More Counties Added to On-Line Ireland Census 1911 #general
jan meisels allen <janmallen@...>
On October 20 I announced on this forum that the 1911 and 1901
Ireland Censuses were already digitized and available on-line at
no charge. The Library and Archives Canada announced that its
partner, the National Archives of Ireland, has launched the next
important phase of an online census research tool for the Irish
counties of Antrim, Kerry, and Down for 1911. The census records
for all counties for 1911 and for 1901 will be made available
online throughout 2009. To visit the Irish Census Online and the
virtual exhibition on life in Ireland in 1911, please, go to:
www.census.nationalarchives.ie (in English only). While we may
not think many Jewish ancestors came >from Ireland, remember some
may have stopped in Ireland on their route to Canada or the United
States. Therefore it is worth checking the database.
Thank you to Gordon Watts of Census Canada for announcing this update.
Jan Meisels Allen
Director, IAJGS and
Chairperson, Public Records Access Monitoring Committee
Ann Rabinowitz <annrab@...>
The counties which have been added onto the 1911 Irish Census should be
noted as to their locations in order for researchers to understand what they
are looking for.
Counties Antrim and Down are in Northern Ireland and County Kerry is in the
Republic of Ireland or Southern Ireland.
County Antrim's major city is the capital of Northern Ireland, Belfast.
County Down contains parts of Belfast and a number of small places.
County Kerry contains such well-known towns as Killarney, Listowel and
Given these locations, one might wonder how many Jews might actually be
living in these places. Instances can be found by searching for well-known
Irish Jewish family names as follows:
You will find many COHENs listed in the Census, with 65 listed in Antrim, 3
in Down, and none in Kerry. However, you may also find that a proportion of
them are listed as non-Jews such as the family in County Down who were
originally >from Dublin and were listed as Church of England.
What follows are several references to Belfast families found in the Census.
Samuel and Florence CLEIN and their daughter Annie are listed as Jews in
Belfast. Samuel was a furniture dealer born in Russia as was his wife,
whilst his daughter was born in Belfast City.
Sarah LEVITAS was listed as Jewish and born in Zagare, Lithuania. The entry
stated that she was married, but she was listed as head of household and
there is no mention of her husband. Her children, Rebecca and Benjamin,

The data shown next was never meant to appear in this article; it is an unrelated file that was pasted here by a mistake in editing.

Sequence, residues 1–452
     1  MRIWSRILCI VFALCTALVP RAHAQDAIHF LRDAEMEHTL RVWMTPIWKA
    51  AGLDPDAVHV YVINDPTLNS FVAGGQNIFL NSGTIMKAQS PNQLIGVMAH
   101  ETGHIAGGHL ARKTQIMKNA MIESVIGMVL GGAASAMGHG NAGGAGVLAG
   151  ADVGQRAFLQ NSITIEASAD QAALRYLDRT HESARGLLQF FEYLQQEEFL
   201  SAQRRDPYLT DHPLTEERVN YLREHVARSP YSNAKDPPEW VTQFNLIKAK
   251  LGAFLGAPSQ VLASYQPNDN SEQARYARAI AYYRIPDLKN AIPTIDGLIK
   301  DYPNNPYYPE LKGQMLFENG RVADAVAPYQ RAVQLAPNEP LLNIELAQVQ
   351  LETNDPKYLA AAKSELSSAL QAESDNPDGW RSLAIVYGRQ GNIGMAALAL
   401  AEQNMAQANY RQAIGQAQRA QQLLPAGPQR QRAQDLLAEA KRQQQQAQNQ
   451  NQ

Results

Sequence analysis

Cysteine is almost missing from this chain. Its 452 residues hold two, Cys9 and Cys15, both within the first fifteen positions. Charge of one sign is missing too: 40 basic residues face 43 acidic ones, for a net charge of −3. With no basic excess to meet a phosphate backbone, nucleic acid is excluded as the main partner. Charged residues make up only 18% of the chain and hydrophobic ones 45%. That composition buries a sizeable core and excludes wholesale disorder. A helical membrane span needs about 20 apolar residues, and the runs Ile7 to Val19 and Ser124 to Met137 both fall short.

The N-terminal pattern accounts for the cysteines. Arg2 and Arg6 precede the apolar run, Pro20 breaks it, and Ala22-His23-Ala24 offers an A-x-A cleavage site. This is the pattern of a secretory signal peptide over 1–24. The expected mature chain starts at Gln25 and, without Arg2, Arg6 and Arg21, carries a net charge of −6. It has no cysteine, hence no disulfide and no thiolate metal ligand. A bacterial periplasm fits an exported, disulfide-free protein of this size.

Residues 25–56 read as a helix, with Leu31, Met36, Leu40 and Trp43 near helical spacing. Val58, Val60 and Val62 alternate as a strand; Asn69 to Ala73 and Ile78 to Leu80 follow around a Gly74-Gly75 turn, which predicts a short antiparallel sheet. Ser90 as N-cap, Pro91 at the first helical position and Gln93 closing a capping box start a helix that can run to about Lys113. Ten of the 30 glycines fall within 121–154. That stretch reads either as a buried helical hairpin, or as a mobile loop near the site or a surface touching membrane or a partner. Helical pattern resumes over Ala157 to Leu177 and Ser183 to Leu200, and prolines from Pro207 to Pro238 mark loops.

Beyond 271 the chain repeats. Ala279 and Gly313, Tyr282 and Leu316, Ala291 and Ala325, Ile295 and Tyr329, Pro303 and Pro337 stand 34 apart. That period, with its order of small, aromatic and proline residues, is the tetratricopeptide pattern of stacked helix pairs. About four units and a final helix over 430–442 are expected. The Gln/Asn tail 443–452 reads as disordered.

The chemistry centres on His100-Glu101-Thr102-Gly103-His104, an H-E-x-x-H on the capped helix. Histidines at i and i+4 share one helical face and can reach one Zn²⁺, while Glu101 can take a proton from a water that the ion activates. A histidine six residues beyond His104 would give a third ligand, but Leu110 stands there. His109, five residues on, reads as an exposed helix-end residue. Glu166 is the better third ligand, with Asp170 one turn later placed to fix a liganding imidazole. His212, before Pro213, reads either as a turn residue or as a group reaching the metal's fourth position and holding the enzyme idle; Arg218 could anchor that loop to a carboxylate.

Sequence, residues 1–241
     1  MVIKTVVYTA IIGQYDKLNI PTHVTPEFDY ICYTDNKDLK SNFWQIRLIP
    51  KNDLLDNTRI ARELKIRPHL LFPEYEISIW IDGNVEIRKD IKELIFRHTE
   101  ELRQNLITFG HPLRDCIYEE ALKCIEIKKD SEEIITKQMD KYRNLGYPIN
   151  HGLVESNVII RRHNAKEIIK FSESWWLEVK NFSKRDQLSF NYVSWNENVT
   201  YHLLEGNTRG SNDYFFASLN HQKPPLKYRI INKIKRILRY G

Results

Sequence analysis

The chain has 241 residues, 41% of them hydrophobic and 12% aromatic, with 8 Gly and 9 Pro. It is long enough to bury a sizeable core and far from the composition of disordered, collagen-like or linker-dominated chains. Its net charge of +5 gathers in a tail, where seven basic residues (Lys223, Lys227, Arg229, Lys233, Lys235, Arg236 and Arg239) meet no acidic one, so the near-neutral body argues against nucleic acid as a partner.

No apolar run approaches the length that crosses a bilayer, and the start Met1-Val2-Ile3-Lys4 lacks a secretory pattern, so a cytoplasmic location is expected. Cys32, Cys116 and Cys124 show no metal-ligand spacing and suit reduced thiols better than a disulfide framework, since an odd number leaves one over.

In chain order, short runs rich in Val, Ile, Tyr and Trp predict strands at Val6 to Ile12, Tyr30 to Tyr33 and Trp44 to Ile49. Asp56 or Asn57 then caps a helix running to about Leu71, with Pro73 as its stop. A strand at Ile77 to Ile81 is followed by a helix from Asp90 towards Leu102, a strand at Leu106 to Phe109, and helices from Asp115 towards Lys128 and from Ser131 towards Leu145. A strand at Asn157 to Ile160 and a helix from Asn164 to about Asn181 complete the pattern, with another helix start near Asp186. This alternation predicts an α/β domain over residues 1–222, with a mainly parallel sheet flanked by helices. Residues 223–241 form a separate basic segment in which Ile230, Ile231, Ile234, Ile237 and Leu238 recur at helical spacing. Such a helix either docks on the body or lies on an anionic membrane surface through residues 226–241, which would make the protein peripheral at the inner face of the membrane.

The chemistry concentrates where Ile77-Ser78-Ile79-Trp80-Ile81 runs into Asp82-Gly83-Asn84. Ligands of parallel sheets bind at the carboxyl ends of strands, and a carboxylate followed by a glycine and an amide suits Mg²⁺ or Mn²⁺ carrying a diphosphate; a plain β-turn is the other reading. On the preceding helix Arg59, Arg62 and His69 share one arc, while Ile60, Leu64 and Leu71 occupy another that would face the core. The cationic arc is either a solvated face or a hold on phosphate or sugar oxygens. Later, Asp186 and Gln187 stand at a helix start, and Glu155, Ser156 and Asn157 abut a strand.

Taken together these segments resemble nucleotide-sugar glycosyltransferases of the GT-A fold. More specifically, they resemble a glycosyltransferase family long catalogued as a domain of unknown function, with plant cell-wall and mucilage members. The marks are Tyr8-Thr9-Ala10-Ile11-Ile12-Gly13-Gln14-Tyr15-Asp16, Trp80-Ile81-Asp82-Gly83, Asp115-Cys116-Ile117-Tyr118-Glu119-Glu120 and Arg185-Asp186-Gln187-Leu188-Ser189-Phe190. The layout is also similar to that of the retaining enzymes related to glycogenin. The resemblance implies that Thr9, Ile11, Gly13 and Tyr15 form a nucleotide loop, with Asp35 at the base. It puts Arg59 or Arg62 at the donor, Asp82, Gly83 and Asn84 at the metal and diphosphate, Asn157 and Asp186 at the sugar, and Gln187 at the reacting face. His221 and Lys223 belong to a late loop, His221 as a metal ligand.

were born in Bangor, Wales, and her boarder, Samuel Corb, was born in
Isaac LEVITAS and his wife were born in Russia. One of their children was
born in England and the other in Belfast.
Frank WINE, was a jeweler, born in Russia. His wife Julia Nathan Wine, was
born in Manchester, and their two children, were born in Belfast. They
even had a visitor, a Mark SUGDEN, a wallpaper merchant, who was >from
Samuel Samuels, was formerly Dmitrovski and born in Kamentetz Litovsk,
Poland. He arrived in Belfast on August 15, 1910, and was just beginning
his stay there when he was captured on the 1911 Census. He later became a
One of the most notable of Belfast Jews, Sir Otto JAFFE, was not listed in
the Census. His family originally came >from Schwerin, Germany, and he
served as Mayor of Belfast and was the largest exporter of Irish linen in
the world. It was known that he left Belfast in 1916 for London, but he
should have been in Belfast in 1911. Of further interest in regard to the
Jaffe family is Arthur and Marie JAFFE. Arthur, a barrister, and his wife,
refused to state their religion. Arthur may have been the son of Sir Otto
Another Belfast Jew who is missing >from the Census was Rabbi Yitzhak HaLevi
Herzog, who only became Rabbi of Belfast in 1916 and therefore was not there
in 1911 to be counted. He was the father of the sixth President of Israel,
Chaim Herzog, who was born in Belfast in 1918.
So, as one can see, the Census is of great interest particularly as it lists
places of birth and can lead a researcher to locate pertinent birth records
whose location might not have readily been known. This also confirms the
movement of the members of the Jewish community in these counties.